• WEEKLY GARDEN THREAD MARCH 30, 2018

    03/30/2018 7:58:47 PM PDT · by greeneyes · 78 replies
    freerepublic | 3/30/2018 | greeenyes
    The Weekly Gardening Thread is a weekly gathering of folks that love soil, seeds and plants of all kinds. From complete newbies that are looking to start that first potted plant, to gardeners with some acreage, to Master Gardener level and beyond, we would love to hear from you. This thread is non-political, although you will find that most here are conservative folks. No matter what, you won’t be flamed and the only dumb question is the one that isn’t asked. It is impossible to hijack the Weekly Gardening Thread. Planting, Harvest to Table(recipes)preserving, good living - there is no...
  • Haifa U. Reveals Role of Pigeons in Turning the Negev Green 1,500 Years Ago

    03/24/2018 8:16:20 PM PDT · by SunkenCiv · 26 replies
    Jewish Press ^ | March 21, 2018 | JNi.Media
    The study, which focused on the ancient settlements of Shivta and Sa'adon, found archaeological evidence that the Byzantines in the Negev did not raise their pigeons for food, but to fertilize the dry loess soil and making it more suitable for intensive agriculture. Loess is made up of fragment of geological detritus, formed by the accumulation of wind-blown dust. But despite its lowly origins, loess tends to develop into very rich soils. Under appropriate climatic conditions, it forms some of the most agriculturally productive terrain in the world. "The pigeon droppings are rich in phosphorus, potassium and nitrogen, which are...
  • Fear grips US agriculture industry as China proposes hefty duties for pork, wine and fruit

    03/23/2018 8:16:20 PM PDT · by SeekAndFind · 56 replies
    CNBC ^ | 03/23/2018 | Jeff Daniels
    U.S. agriculture is bracing itself potentially costly tit-for-tat trade retaliation between the Washington and Beijing that could hit everything from American pork to wine. "The producers of the commodities that are being targeted will probably feel the effects of it," said Larry Karp, an agricultural economist at the University of California at Berkeley. "And there's no reason to think that the Chinese will stop at this." On Friday, China's Ministry of Commerce said $3 billion in U.S. goods could face new tariffs following the Trump administration's imposition of duties on imported steel and aluminum. Among the goods listed for retaliatory...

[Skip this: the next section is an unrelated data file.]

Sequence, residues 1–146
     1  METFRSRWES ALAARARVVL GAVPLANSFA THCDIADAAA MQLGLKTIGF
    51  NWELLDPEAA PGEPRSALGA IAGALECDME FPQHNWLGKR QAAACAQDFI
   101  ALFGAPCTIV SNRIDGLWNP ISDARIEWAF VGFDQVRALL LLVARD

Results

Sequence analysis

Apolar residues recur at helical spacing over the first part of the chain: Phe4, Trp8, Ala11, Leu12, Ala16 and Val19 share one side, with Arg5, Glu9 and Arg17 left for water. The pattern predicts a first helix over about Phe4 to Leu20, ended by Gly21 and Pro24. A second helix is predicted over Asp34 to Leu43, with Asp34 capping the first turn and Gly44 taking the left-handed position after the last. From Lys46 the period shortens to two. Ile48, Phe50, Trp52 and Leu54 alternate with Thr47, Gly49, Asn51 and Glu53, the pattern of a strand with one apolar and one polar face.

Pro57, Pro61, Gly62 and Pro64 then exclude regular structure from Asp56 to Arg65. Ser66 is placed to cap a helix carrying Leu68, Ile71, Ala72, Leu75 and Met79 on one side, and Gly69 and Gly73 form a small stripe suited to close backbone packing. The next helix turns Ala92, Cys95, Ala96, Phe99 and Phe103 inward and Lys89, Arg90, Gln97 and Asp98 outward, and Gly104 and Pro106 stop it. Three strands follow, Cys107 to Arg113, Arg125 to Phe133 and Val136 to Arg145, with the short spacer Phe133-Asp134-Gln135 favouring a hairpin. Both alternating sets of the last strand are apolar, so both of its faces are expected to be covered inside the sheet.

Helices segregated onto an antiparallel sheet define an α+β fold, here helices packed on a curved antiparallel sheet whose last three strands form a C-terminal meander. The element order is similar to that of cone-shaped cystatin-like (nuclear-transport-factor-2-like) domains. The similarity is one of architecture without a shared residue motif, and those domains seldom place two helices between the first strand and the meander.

• WEEKLY GARDEN THREAD MARCH 23, 2018

    03/23/2018 6:28:33 PM PDT · by greeneyes · 86 replies
    freerepublic | March 23, 2018 | greeenyes
    The Weekly Gardening Thread is a weekly gathering of folks that love soil, seeds and plants of all kinds. From complete newbies that are looking to start that first potted plant, to gardeners with some acreage, to Master Gardener level and beyond, we would love to hear from you. This thread is non-political, although you will find that most here are conservative folks. No matter what, you won’t be flamed and the only dumb question is the one that isn’t asked. It is impossible to hijack the Weekly Gardening Thread. Planting, Harvest to Table(recipes)preserving, good living - there is no...
  • Obama 'Regulatory Czar' has Secret Animal-Rights Agenda, Says Consumer Group

    01/15/2009 5:47:16 AM PST · by markomalley · 35 replies · 1,735+ views
    PR Web ^ | 1/15/2009
    Washington, D.C. (Vocus/PRWEB ) January 15, 2009 -- The nonprofit Center for Consumer Freedom said today that Cass Sunstein, the Harvard University Law School professor tapped by President-elect Obama to head the Office of Information and Regulatory Affairs, has a secret aim to push a radical animal-rights agenda in the White House. Sunstein supports outlawing sport hunting, giving animals the legal right to file lawsuits, and using government regulations to phase out meat consumption. In a 2007 speech at Harvard University, Sunstein argued in favor of entirely "eliminating current practices such as … meat eating." He also proposed: "We ought...